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Mueller v. Mueller

SUPREME COURT OF THE STATE OF NEW YORK APPELLATE DIVISION : SECOND JUDICIAL DEPARTMENT


April 7, 2009

BARBARA MUELLER, APPELLANT,
v.
CHRISTOPH MUELLER, RESPONDENT.

In an action for a divorce and ancillary relief, the plaintiff appeals from so much of an order of the Supreme Court, Suffolk County (Kent, J.), dated June 25, 2008, as denied that branch of her motion which was for an award of pendente lite child support, granted that branch of her motion which was for an award of pendente lite maintenance to the extent of awarding her the sum of only $650 per week, and granted that branch of her motion which was for interim counsel fees to the extent of awarding her the sum of only $10,000.

Published by New York State Law Reporting Bureau pursuant to Judiciary Law § 431.

This opinion is uncorrected and subject to revision before publication in the Official Reports.

WILLIAM F. MASTRO, J.P., THOMAS A. DICKERSON, ARIEL E. BELEN and CHERYL E. CHAMBERS, JJ.

(Index No. 32417/07)

DECISION & ORDER

ORDERED that the order is modified, on the facts and in the exercise of discretion, by increasing the award of interim counsel fees from the sum of $10,000 to the sum of $25,000; as so modified, the order is affirmed insofar as appealed from, without costs or disbursements.

The plaintiff's contention that the Supreme Court's pendente lite maintenance award is inadequate is without merit. "Pendente lite awards should be an accommodation between the reasonable needs of the moving spouse and the financial ability of the other spouse . . . with due regard for the preseparation standard of living" (McGarrity v McGarrity, 49 AD3d 824, 825 [internal quotation marks omitted]). In addition to awarding the plaintiff temporary maintenance in the sum of $650 per week, the Supreme Court directed the defendant to pay the carrying charges on the marital residence, including mortgage payments, taxes, utilities, pool maintenance, and other household expenses. Moreover, the defendant was directed to maintain various types of insurance coverage for the plaintiff and the parties' children, and to pay reasonable expenses associated with the parties' vehicles. Under these circumstances, the temporary maintenance award was sufficient to meet the plaintiff's reasonable needs during the pendency of this action (id.; see Cooper v Cooper, 7 AD3d 746, 747; Pascale v Pascale, 226 AD2d 439, 440).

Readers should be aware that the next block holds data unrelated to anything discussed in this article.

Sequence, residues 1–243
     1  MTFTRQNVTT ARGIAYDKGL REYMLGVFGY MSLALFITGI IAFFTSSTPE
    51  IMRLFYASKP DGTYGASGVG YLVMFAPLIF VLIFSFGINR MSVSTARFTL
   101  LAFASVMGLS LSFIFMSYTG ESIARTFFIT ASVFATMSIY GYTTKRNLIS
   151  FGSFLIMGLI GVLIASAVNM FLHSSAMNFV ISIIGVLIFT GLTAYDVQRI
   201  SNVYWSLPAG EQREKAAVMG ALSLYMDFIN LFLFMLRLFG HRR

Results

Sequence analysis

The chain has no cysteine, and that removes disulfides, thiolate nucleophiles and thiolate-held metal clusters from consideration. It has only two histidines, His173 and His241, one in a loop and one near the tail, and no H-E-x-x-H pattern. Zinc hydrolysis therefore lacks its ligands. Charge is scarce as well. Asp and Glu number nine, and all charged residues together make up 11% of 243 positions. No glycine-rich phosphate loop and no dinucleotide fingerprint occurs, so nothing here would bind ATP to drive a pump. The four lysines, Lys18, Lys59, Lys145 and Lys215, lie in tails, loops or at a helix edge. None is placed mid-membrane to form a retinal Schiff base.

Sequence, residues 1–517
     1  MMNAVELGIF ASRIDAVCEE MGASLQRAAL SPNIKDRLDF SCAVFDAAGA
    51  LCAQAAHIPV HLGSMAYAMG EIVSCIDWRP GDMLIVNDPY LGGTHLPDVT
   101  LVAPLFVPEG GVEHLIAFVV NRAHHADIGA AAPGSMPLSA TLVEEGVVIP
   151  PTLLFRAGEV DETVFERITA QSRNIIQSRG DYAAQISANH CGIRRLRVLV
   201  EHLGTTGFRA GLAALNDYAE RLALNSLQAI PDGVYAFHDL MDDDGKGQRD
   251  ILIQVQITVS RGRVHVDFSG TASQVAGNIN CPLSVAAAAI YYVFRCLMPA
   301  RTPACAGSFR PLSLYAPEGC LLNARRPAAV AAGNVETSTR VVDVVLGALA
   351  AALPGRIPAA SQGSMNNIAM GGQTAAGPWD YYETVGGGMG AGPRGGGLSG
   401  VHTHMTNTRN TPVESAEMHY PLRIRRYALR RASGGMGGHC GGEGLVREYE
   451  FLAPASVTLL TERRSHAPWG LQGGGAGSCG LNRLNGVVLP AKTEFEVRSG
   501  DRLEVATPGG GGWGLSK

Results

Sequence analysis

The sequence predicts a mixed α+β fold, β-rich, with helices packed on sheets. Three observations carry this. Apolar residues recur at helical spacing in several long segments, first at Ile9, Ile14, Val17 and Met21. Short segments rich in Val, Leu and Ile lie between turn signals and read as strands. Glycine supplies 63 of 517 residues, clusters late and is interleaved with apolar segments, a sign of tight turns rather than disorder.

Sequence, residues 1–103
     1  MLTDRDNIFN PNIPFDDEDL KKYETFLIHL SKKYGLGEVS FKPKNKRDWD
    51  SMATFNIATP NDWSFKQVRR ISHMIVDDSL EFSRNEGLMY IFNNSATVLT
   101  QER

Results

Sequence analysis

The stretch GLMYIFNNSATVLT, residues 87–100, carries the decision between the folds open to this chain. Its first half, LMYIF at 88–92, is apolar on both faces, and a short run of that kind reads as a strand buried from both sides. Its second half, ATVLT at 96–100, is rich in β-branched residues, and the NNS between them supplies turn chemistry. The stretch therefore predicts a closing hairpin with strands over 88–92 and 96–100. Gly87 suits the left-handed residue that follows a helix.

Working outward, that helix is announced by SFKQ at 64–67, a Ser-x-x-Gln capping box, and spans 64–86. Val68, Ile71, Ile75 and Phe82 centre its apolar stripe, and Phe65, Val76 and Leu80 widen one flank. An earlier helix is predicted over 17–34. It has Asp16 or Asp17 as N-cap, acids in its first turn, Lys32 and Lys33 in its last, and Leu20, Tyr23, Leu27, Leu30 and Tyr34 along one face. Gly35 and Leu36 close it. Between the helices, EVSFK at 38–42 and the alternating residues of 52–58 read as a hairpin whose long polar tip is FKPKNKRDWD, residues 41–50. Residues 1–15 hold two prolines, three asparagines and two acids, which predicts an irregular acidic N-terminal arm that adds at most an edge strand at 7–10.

The plaintiff's contention that the Supreme Court erred in declining to award her pendente lite child support for the parties' two children is similarly without merit. Both the plaintiff and the children continued to reside with the defendant in the marital residence, and there was no evidence that the children were not being properly cared for by the defendant (cf. Cataldi v Shaw, 101 AD2d 823, 824).

Given the disparity in the parties' financial circumstances, however, the Supreme Court should have granted that branch of the plaintiff's motion which was for an award of interim counsel fees in the sum of $25,000 (see Prichep v Prichep, 52 AD3d 61, 65-66; Wald v Wald, 44 AD3d 848, 850-851; Kaplan v Kaplan, 28 AD3d 523, 523-524). The court gave no explanation for its decision to award the sum of only $10,000, and the plaintiff's request for the sum of $25,000 was reasonable under the circumstances.

MASTRO, J.P., DICKERSON, BELEN and CHAMBERS, JJ., concur.

20090407

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